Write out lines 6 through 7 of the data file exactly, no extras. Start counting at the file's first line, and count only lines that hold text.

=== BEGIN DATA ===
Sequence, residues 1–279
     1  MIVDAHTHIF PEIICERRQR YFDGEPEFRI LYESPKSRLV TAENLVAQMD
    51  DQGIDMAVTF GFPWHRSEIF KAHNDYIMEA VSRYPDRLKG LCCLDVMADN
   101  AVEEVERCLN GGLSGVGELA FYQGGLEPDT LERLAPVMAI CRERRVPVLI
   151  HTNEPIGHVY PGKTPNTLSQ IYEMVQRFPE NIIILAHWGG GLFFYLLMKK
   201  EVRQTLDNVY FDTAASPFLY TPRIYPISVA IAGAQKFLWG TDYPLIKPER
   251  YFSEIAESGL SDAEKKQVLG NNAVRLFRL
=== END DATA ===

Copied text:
   201  EVRQTLDNVY FDTAASPFLY TPRIYPISVA IAGAQKFLWG TDYPLIKPER
   251  YFSEIAESGL SDAEKKQVLG NNAVRLFRL